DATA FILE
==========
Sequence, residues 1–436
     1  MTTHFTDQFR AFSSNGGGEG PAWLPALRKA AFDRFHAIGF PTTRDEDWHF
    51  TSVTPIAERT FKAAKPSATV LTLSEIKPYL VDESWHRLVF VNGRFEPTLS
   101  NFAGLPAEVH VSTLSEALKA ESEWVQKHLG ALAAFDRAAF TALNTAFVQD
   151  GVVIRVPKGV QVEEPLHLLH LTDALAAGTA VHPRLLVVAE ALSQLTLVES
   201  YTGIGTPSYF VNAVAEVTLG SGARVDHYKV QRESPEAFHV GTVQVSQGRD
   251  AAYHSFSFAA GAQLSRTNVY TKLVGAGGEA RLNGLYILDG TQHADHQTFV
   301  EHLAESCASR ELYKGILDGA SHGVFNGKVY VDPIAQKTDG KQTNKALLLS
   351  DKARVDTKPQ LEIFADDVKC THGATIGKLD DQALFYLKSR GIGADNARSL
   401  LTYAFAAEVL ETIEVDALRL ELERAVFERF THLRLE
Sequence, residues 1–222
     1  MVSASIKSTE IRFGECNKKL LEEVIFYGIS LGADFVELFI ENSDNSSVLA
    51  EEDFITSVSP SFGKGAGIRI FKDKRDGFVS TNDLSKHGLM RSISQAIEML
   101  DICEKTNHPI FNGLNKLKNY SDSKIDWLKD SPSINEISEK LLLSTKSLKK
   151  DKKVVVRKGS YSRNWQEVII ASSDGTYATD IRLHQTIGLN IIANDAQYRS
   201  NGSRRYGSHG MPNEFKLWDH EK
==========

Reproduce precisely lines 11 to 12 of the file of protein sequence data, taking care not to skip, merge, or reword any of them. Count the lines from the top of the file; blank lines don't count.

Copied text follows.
Sequence, residues 1–222
     1  MVSASIKSTE IRFGECNKKL LEEVIFYGIS LGADFVELFI ENSDNSSVLA